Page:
Chenango in the Civil War: One Family, Two Heroes in Oxford

Editor’s Note: In conjunction with the Chenango County Civil War Commemoration Project Team, The Evening Sun will present a monthly series chronicling items of local interest during the war between the states, compiled and written by a number of local history enthusiasts.

By Fred Lanfear


The American Civil War of 1861-1865 began with the prevalent expectation that it would be over in weeks. Instead, it escalated into the most horrendous war we’ve known. The cost in wealth and lives was greater than anyone could have imagined during the simmering pre-war years. We’ve never known such casualties before or since. Eventually every state, every town and even every family, North and South, was drawn in. This is a brief account of how it affected the lives of two heroes claimed by Oxford, New York.

Theodore G. Ingersoll was born on the family farm on the Basswood Road in Oxford in 1839, isolated near the Guilford town line. Years of hard farm work, district school and high honors at Oxford Academy and suddenly he was an adult, working in town, married to the beautiful Mary Wallin of Gilbertsville and about to begin his own family and farm. The year was 1861.

By August, 1862 he had answered President Lincoln’s call for “50,000 more men” and enlisted in the 10th New York Volunteer Cavalry. That enlistment would stamp the next three years of his life and, indeed, the rest of his life. The war years were a torment of separation from family, the pains and aggravations of army life and the constant threat of death or horrible wounds. He saw the awful horrors of war and smelled the stench as well. His regiment was involved in 28 engagements including Brandy Station, Middleburg, Stoneman’s Raid, Fredericksburg, Gettysburg, Cold Harbor, Malvern Hill and Sulphur Springs.

Through it all he served with distinction, at one point as a dispatch rider for Gen. Joshua Reynolds, and he rose to be Quartermaster Sergeant of his regiment. All his experiences, his opinions about officers and politicians, his hopes for his dear wife and family and his evolving attitude toward the war he recorded eloquently in four diaries that he kept with entries for almost every day of the war. He returned home alive but weakened by the war and soon moved his small family to Vernon, NY where his farm machinery business prospered. He was a charter member of the GAR and attended their conventions as well as the reunions of the 10th Cavalry. His photograph and a praising review of his service appeared in the official History of the 10th New York Cavalry. He died in 1926, a hero in Vernon but virtually forgotten in Oxford.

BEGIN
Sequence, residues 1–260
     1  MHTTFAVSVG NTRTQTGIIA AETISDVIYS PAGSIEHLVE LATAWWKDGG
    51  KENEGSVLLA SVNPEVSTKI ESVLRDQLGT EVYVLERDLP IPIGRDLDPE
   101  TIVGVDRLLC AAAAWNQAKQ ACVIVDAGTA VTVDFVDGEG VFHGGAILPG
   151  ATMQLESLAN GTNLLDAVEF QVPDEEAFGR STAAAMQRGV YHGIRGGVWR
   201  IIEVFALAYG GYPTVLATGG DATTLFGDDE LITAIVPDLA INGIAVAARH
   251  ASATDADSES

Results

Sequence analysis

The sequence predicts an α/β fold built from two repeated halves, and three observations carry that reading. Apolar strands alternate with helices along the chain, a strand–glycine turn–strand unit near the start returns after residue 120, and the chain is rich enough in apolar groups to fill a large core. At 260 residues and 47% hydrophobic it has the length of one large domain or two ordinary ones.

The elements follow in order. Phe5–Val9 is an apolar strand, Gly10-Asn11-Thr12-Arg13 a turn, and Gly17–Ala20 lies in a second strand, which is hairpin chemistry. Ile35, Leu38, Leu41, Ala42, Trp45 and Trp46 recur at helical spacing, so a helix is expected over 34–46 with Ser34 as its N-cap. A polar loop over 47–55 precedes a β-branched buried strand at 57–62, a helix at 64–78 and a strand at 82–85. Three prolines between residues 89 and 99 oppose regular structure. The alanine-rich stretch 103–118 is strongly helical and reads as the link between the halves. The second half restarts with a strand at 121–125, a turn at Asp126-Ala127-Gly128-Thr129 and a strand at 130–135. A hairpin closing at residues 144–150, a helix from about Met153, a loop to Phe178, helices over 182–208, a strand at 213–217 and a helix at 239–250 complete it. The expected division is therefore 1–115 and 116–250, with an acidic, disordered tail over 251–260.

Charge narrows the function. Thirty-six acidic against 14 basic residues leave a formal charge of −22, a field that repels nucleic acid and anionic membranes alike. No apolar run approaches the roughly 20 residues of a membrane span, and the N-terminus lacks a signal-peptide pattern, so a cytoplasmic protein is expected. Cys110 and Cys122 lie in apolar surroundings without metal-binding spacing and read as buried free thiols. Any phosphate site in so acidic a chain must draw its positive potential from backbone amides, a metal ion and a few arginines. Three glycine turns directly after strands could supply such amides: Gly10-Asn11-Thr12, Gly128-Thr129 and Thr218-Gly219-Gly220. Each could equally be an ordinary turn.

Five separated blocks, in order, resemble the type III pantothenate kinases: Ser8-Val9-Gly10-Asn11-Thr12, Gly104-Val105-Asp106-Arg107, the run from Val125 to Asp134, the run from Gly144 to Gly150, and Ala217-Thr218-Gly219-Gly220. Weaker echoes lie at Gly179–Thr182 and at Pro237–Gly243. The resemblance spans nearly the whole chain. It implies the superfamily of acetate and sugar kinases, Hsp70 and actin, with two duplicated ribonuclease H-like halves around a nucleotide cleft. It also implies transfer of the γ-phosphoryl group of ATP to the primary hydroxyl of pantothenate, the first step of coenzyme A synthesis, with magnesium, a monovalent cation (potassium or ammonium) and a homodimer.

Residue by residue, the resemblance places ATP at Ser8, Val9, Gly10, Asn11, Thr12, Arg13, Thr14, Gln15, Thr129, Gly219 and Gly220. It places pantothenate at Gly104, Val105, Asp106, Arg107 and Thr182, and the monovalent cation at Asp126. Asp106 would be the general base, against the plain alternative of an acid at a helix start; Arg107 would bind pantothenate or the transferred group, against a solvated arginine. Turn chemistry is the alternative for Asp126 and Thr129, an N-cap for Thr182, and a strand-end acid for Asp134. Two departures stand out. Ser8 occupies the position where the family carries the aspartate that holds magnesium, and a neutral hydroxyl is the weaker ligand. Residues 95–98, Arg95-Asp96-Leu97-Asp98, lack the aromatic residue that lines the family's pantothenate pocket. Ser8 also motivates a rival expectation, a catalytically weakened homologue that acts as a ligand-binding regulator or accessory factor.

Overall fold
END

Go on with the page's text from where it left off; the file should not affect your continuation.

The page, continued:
The next hero in the family was Robert M. Ingersoll, great-grandson of Theodore. Robert, born in Vernon in 1924, also served in the military, during WWII, and returned home to Syracuse University and an engineering career, mostly with General Electric Corp. How does he become an Oxford hero? Not on the battlefield, but in his study. His great-grandfather’s mementoes, handed down through the generations and carefully preserved in a glass case, were now his to dispose of as the last person in the family. He had no children or grandchildren, no close relatives. The collection, over 60 items, included uniform parts, medals, weapons, photographs, enlistment and discharge papers, marriage license, pension papers, a rare History of the 10th NY Cavalry, a signed letter from Gen. George Meade and those four, intact, readable diaries.

A neighbor told him “Bob, you’re rich, you know, just that Spencer Rifle would sell for thousands.” It was true, the Meade letter, the Remington Revolver, and those diaries; each would bring a handsome price at auction. Robert did not hesitate. He called the Oxford Historical Society and turned the entire collection over to the Ingersoll hometown where it is now on protected display at the Oxford Museum. Those diaries are being carefully transcribed for publication by Bill Searfoss.

In a tranquil corner of Oxford’s Riverview Cemetery overlooking the Chenango Valley, Theodore G. Ingersoll and Robert M. Ingersoll, along with seven other family members now lie buried in the family plot; Robert’s burial the most recent in April, 2011. The family is together, the chapter closed. The Vernon years were a family sojourn but now all the family is back home. “T.G.” and Bob are Civil War heroes who will never again leave home or ever be forgotten.

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